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Court affirms man’s conviction of murder, feticide enhancement

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The Indiana Court of Appeals rejected a defendant’s claim that the state should have to prove that he knew his estranged wife was pregnant when he killed her in order to seek a sentence enhancement under the Indiana feticide enhancement statute.

Tyler White and Amy Meyer had one son together while married. White was verbally abusive during their relationship, and they filed for divorce. They shared custody of their son, and the day before a provisional custody hearing, White shot Meyer twice, killing her. She was around three months pregnant at the time. The baby did not survive.

The state charged White with murder and sought an enhanced sentence under the feticide enhancement statute. White was found guilty of murder and in the second phase of trial, the jury found the state proved beyond a reasonable doubt that the murder caused the death of the baby. He was sentenced to a total of 70 years, which included the 10-year feticide enhancement.

In Tyler A. White v. State of Indiana, 90A04-1111-CR-621, White argued the court erred in finding certain testimony by witnesses as to what Meyer had told them about White admissible under Evidence Rule 804(b)(5), the “forfeiture by wrongdoing” hearsay exception; that the feticide enhancement statute is unconstitutional; and the trial court should have allowed him to enter evidence that Meyer previously had a miscarriage.

“We hold that the preponderance of the evidence supports a determination that White killed Amy to prevent her from testifying at the provisional custody hearing,” Judge Edward Najam wrote, which allows for the hearsay evidence to be admitted. “The fact that the conflict escalated one day before a custody hearing is substantial evidence of White’s intent when he shot Amy.”

The judges found the feticide enhancement statute is not unconstitutional as White argued because it doesn’t require proof that the person committing the murder had knowledge that the victim was pregnant or intended to end the pregnancy.

“Thus, the legislature’s intent on this issue is clear, and the State need not prove a defendant’s mens rea when it seeks a sentencing enhancement for feticide,” Najam wrote.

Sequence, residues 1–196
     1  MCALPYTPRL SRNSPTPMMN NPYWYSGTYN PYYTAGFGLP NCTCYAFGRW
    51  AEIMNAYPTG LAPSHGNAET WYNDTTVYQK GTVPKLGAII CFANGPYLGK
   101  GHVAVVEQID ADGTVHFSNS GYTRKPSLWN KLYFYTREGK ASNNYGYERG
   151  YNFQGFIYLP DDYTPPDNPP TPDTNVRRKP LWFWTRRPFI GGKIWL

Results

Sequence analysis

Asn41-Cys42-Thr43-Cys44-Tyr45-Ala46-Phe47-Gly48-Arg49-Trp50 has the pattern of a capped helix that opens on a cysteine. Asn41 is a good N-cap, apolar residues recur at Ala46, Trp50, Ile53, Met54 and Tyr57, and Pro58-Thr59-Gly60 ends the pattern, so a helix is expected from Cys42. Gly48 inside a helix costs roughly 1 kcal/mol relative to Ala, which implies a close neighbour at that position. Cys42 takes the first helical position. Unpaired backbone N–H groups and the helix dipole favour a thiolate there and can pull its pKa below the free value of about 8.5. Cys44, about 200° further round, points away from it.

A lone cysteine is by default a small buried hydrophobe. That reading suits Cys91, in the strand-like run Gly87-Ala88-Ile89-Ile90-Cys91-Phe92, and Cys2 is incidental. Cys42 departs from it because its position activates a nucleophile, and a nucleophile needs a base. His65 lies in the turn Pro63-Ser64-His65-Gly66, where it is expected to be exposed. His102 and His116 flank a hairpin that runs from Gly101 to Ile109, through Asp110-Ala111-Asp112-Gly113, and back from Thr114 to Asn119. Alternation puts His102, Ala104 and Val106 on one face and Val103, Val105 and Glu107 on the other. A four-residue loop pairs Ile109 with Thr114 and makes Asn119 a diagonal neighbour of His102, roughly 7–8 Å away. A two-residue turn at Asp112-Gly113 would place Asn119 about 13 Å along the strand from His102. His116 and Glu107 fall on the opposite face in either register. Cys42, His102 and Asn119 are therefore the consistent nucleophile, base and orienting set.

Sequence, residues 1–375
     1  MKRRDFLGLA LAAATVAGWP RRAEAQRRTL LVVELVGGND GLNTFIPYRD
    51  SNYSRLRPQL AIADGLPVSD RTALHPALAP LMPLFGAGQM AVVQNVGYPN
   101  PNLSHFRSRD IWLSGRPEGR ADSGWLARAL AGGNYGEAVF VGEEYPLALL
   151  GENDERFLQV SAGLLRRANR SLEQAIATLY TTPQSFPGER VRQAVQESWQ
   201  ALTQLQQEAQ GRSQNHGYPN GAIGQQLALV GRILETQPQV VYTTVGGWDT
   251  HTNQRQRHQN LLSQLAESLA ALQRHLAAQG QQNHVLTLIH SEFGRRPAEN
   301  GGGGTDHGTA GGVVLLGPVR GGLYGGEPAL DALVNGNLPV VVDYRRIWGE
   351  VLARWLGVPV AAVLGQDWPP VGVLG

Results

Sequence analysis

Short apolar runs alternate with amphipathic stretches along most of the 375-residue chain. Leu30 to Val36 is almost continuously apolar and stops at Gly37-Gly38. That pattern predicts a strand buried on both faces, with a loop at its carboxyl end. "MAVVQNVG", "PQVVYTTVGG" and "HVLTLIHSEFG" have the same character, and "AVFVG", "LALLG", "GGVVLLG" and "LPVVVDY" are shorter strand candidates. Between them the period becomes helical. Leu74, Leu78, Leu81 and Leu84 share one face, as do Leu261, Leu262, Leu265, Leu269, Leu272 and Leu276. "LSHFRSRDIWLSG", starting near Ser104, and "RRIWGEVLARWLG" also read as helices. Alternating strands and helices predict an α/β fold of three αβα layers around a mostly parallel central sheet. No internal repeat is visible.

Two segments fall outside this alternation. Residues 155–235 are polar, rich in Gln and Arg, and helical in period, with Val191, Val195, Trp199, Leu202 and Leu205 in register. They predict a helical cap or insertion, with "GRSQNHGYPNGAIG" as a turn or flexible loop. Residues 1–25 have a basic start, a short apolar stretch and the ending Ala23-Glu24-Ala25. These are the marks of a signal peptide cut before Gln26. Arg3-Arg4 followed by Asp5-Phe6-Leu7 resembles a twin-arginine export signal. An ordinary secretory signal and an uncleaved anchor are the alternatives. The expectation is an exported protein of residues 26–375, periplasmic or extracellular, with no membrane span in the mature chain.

The appellate court also affirmed that the trial court did not abuse its discretion in excluding evidence that Meyer previously suffered a miscarriage.

 

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  1. Call it unauthorized law if you must, a regulatory wrong, but it was fraud and theft well beyond that, a seeming crime! "In three specific cases, the hearing officer found that Westerfield did little to no work for her clients but only issued a partial refund or no refund at all." That is theft by deception, folks. "In its decision to suspend Westerfield, the Supreme Court noted that she already had a long disciplinary history dating back to 1996 and had previously been suspended in 2004 and indefinitely suspended in 2005. She was reinstated in 2009 after finally giving the commission a response to the grievance for which she was suspended in 2004." WOW -- was the Indiana Supreme Court complicit in her fraud? Talk about being on notice of a real bad actor .... "Further, the justices noted that during her testimony, Westerfield was “disingenuous and evasive” about her relationship with Tope and attempted to distance herself from him. They also wrote that other aggravating factors existed in Westerfield’s case, such as her lack of remorse." WOW, and yet she only got 18 months on the bench, and if she shows up and cries for them in a year and a half, and pays money to JLAP for group therapy ... back in to ride roughshod over hapless clients (or are they "marks") once again! Aint Hoosier lawyering a great money making adventure!!! Just live for the bucks, even if filthy lucre, and come out a-ok. ME on the other hand??? Lifetime banishment for blowing the whistle on unconstitutional governance. Yes, had I ripped off clients or had ANY disciplinary history for doing that I would have fared better, most likely, as that it would have revealed me motivated by Mammon and not Faith. Check it out if you doubt my reading of this, compare and contrast the above 18 months with my lifetime banishment from court, see appendix for Bar Examiners report which the ISC adopted without substantive review: https://www.scribd.com/doc/299040839/2016Petitionforcert-to-SCOTUS

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